What’s the difference between a first-party cookie and a third-party cookie, why is the distinction between the two important for digital marketers, and how can you check which cookies your website is issuing to visitors? Get all the answers in our marketers’ guide.
First, let’s recap: what is a cookie?
Cookies are snippets of information that get added to a web user’s browser by the websites they visit. Once installed on the browser, they can provide the cookie owner with info on the user’s online activity. This information can be used for activity tracking, or to make websites act differently when the user visits in future. Common uses of this technology include:
- Activating retargeting ads
- Storing ecommerce cart status
- Adding autocomplete options to forms
- Saving user preferences
- Authenticating user accounts
- Tracking ad conversions
Such uses of cookies can be helpful to both a website’s visitors and its owners. The visitors get an enhanced experience; the owners get user data to feed into their marketing processes, plus direct opportunities to deploy marketing strategy (e.g. delivering special interest content to uses with relevant interests).
If you’d like to develop a better understanding of the types of cookie currently in use, a good approach would be to check which cookies are currently active on your own browser. Here are instructions on how to view and manage cookies in Chrome, Firefox, Internet Explorer and Safari. Check which cookies you have installed, then do some online research to find out what they do.
You can read more on the fundamentals of cookies in our Guide to cookies for digital marketers.
What’s the difference between third-party and first-party cookies?
As we know, cookies are added to users’ browsers by the websites they visit.
If a cookie is owned by the same domain that installs it on the visitor’s browser, we call it a first-party cookie. So, if you were to visit targetinternet.com and see that a cookie linked to the domain “targetinternet.com” has been added to your browser, that would be a first-party cookie.
If a cookie is owned by a different domain to the one that installs it, we call it a third-party cookie. So, if you visited targetinternet.com and received a cookie with the domain name “ads4u.biz” (which we have completely made up), that would be a third-party cookie.
The problem with third-party cookies
Until recently, marketers could use third-party cookies safe in the knowledge that their usage was a non-issue for most web users and technology providers. For years this status quo enabled cookie-powered marketing processes like web analytics and display advertising.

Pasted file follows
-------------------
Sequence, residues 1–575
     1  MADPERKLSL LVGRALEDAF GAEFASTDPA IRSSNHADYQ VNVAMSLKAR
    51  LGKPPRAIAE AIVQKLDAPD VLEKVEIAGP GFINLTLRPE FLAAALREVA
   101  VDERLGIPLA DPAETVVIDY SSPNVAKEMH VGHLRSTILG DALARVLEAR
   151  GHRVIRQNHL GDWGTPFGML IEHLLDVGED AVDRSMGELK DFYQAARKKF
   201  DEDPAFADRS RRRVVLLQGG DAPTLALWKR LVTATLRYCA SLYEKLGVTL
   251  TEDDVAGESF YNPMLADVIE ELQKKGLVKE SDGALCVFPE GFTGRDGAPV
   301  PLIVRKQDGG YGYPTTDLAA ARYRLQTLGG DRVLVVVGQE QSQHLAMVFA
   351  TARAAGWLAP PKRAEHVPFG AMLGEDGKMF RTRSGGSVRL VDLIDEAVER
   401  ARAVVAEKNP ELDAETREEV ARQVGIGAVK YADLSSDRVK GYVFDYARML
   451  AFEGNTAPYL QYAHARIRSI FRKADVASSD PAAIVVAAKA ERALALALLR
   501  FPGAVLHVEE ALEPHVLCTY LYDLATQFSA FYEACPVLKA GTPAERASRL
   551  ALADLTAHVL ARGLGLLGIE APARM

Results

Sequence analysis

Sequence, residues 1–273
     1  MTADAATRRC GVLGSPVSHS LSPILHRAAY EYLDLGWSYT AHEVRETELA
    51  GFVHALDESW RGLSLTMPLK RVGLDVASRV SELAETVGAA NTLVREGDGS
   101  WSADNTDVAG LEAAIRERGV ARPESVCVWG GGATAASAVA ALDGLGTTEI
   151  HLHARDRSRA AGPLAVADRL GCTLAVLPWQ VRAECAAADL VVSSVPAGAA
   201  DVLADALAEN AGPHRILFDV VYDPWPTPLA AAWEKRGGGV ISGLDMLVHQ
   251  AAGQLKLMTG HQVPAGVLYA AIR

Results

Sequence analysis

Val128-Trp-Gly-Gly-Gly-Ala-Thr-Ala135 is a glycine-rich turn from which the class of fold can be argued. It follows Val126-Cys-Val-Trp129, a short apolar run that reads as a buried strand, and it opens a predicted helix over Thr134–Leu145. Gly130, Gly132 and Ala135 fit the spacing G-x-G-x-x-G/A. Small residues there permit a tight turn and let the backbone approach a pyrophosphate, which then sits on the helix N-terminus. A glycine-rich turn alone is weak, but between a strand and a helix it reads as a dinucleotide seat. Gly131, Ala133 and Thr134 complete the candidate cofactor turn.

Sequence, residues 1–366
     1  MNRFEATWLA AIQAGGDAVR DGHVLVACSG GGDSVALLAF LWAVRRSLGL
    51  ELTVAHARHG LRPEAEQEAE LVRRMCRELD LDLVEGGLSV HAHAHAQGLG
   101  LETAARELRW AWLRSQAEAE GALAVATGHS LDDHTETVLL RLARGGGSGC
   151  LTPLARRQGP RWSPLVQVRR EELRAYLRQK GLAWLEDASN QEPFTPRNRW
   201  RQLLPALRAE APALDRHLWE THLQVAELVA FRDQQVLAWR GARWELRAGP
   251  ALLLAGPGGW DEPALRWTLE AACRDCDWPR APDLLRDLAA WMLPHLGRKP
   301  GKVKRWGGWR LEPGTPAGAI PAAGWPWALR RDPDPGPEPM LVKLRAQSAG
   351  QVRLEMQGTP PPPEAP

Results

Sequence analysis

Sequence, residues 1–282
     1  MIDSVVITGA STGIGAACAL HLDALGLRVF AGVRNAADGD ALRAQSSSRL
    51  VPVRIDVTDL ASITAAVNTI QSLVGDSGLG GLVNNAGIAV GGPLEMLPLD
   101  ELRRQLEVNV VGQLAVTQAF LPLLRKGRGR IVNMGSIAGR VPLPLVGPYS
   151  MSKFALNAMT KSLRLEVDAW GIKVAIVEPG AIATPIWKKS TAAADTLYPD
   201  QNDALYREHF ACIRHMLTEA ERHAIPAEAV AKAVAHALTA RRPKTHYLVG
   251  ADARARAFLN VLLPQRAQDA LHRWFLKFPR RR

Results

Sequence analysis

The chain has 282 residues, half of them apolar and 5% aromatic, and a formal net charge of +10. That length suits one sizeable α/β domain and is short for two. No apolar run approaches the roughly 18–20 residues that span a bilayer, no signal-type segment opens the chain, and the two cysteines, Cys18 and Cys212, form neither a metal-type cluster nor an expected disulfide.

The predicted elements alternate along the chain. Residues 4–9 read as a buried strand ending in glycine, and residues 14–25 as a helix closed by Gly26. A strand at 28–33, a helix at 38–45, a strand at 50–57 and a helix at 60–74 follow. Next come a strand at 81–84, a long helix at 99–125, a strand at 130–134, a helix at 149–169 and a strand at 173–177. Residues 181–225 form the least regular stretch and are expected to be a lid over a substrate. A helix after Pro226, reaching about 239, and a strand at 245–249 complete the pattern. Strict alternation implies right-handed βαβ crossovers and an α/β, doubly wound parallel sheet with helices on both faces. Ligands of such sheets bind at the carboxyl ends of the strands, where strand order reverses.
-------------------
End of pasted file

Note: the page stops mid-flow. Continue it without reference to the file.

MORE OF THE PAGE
The problem now facing marketers is that a growing number of web users and technology providers are rejecting third-party cookies.
Let’s start with individual web users. Driven by growing concerns over web privacy, some users have taken to deleting third-party cookies from their browsers on a regular basis. Others are using software to automatically block them from being installed (some of which are more effective than others). This trend has undoubtedly been fuelled to an extent by news coverage of the Cambridge Analytica scandal and GDPR.
What’s perhaps even more worrying for marketers is that some web browsers and anti-spyware applications now block third-party cookies by default, meaning the number of users not accepting third-party cookies is greater than the number who deliberately reject them.
By contrast, only a small minority of web users block first-party cookies – less than 5% according to Opentracker.
There are two causes behind this disparity: firstly, privacy-conscious users are less likely to delete cookies from a known such as Facebook, Gmail or any other website they use frequently, as these cookies are generally understood to play a role in making that website work properly; and secondly, many of the applications that block third-party cookies do not block third-party ones.
Users who block third-party cookies are usually validated in their choice, as their web experience is not noticeably worsened. If they were to block first-party cookies from a site they use regularly, they would likely encounter problems with logging in, filling out forms that would normally autocomplete, and so on.